It is therefore not surprising that the “red” component of the Soviet legacy is still so important. One of the most important Kremlin propagandists, Vladimir Solovyov, once stated that in a country with such a harsh climate, capitalism would never exist, because without the help of the state or any community, even entrepreneurship and individual talents are not always enough to survive. Especially that, in line with the typical Russian tendency to go from one extreme to the other (which philosopher Mikhail Epstein justifies by, among others, the lack of a purgatory, i.e. a neutral sphere, in the doctrine of the Orthodox Church), when capitalism was introduced in Russia, it was really “wild” capitalism. The already quoted Boris Titov, who is hard to be suspected of pro-communist sympathies, admitted in an interview with Kommersant that the privatization processes in the 1990s were not fair. Bandits took over instead of businessmen. Instead of the free market – the lawlessness of the oligarchs.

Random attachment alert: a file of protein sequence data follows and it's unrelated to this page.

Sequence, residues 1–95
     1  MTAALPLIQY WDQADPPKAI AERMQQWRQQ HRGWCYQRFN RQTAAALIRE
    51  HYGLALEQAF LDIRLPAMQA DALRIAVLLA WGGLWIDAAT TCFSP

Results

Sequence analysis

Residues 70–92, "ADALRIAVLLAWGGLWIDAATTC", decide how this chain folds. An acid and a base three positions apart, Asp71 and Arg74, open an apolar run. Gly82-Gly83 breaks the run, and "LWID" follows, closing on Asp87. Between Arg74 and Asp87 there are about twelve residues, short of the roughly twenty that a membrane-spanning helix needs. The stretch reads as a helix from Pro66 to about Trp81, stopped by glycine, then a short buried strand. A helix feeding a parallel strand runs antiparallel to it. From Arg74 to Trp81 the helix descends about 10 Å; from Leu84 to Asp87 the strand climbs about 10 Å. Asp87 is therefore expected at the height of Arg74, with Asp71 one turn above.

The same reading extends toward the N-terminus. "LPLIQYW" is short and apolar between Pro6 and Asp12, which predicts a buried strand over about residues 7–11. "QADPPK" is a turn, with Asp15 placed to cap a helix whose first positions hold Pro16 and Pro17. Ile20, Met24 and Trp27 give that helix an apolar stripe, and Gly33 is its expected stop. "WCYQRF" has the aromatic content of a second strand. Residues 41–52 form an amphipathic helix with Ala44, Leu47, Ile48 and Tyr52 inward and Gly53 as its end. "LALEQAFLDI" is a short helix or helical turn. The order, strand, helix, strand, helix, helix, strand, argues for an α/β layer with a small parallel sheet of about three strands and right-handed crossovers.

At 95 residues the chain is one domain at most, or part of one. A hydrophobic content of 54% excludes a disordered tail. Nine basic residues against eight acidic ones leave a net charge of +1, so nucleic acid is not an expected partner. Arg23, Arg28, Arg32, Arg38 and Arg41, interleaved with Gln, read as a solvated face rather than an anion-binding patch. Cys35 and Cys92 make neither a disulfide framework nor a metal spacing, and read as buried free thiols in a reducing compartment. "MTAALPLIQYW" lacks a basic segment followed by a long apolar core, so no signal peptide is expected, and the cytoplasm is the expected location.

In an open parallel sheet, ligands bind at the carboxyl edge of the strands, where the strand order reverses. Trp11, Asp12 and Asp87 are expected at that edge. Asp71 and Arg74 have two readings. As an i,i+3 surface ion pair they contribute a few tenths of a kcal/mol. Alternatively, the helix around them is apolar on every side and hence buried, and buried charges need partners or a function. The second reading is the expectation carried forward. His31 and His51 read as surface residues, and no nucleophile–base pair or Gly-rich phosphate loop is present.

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1 accords which formed the agreements that the USSR had formally ceased to exist, establishing the Commonwealth of Independent States (CIS) as its successor.

This article was published in January 2022 in “Do Rzeczy” magazine.